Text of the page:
whodunit

DiscussãoHardboiled / Noir Crime Fiction

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whodunit

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1yareader2
Out 24, 2007, 2:48pm

I read that mystery and hardboiled crime became sensations equally in England and the US. It was in the 1800's and that words like "detective" were brand new in law enforcement.

Anyone know of any history books behind mystery writers?

2juv3nal
Out 25, 2007, 3:52pm

have you seen the wikipedia article on detective fiction?
http://en.wikipedia.org/wiki/Detective_fiction

3SidWilliams
Nov 2, 2007, 6:11am

There's an interesting novel called "Poe Must Die" by Marc Olden that focuses on Poe working as a detective shortly after the publication of "The Mystery Roget" featuring his detective C. Auguste Dupin.

4ostrom
Mar 27, 2008, 3:38pm

The Longman Anthology of Detective Fiction ed. Deane Mansfield-Kelley includes not only short fiction from different sub-genres but critical essays on each sub-genre (amateur detective, private detective, police), and the general introductory essay by John Ball gives a nice historical overview of detective/mystery fiction and its relation to the rise of professional police forces in the 19th century (in England and France, for example). Elliot L. Gilbert also edited a nice representative anthology of mystery short stories, and his introduction is very good. Murder and Moral Decay in Victorian England by Beth Kalikoff is a scholarly study (but very readable) of Victorians' interest in "true-crime" writing--sensational journalism, pamphlets, etc. It provides an interesting backdrop to the emergence of Doyle's Holmes in the late 1880s.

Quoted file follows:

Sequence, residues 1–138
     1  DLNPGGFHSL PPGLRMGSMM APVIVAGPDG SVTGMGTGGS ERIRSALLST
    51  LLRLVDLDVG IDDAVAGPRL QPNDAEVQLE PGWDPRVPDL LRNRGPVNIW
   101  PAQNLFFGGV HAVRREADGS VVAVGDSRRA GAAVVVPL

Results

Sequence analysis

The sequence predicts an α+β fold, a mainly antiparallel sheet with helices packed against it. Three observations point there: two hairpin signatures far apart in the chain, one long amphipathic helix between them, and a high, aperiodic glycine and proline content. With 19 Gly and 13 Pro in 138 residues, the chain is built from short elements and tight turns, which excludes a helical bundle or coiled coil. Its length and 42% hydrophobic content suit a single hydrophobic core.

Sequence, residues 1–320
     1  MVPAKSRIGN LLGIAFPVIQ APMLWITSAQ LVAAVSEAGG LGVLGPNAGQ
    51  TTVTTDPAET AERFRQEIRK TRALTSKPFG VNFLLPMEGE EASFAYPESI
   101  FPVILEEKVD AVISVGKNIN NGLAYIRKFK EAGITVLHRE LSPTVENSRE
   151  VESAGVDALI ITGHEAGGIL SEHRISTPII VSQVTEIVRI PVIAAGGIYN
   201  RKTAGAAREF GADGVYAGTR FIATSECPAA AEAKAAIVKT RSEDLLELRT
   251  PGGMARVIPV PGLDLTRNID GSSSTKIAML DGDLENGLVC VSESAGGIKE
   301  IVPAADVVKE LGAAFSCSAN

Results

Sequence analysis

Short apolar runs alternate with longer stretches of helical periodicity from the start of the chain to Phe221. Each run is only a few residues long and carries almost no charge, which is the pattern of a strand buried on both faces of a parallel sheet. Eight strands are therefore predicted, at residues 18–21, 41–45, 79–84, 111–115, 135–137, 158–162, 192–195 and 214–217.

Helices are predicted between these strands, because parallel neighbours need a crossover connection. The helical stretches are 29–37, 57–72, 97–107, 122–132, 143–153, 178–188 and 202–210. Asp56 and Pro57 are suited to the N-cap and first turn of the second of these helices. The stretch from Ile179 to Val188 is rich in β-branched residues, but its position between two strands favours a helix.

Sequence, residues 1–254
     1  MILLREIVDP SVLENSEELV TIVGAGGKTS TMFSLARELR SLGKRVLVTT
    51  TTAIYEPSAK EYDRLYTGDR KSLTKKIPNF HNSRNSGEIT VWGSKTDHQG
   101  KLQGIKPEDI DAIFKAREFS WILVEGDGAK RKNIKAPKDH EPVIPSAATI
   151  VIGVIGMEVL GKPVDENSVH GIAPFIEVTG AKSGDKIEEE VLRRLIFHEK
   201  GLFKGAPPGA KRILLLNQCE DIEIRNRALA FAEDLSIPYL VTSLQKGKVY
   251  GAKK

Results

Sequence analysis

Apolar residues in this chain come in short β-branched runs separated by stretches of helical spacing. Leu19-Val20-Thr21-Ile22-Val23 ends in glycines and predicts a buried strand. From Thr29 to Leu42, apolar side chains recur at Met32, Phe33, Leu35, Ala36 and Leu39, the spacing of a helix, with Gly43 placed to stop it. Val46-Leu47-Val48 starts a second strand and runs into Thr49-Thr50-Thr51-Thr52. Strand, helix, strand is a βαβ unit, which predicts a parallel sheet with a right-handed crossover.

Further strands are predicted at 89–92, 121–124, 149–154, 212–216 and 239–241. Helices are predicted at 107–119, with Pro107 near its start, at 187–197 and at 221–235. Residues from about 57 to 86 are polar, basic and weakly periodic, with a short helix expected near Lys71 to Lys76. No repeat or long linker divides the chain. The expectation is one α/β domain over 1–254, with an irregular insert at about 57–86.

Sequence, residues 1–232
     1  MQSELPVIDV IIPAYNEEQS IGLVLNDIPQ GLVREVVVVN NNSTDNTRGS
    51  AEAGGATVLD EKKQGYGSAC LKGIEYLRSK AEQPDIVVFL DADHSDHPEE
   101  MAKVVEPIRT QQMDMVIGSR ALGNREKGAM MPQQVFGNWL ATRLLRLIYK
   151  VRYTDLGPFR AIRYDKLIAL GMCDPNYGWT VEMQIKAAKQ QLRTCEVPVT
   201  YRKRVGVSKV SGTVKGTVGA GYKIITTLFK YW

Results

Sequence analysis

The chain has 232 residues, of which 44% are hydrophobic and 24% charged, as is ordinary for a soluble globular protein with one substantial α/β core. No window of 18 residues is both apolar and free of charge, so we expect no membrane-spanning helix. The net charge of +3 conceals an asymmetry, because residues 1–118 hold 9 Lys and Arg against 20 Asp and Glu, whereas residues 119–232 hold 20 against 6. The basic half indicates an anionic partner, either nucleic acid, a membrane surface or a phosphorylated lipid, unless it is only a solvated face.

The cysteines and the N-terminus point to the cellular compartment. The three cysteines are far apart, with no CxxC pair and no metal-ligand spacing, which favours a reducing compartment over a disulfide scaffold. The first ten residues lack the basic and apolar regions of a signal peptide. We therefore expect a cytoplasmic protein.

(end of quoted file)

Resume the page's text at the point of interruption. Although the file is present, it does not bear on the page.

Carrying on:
5yareader2
Mar 30, 2008, 9:01pm

many thanks

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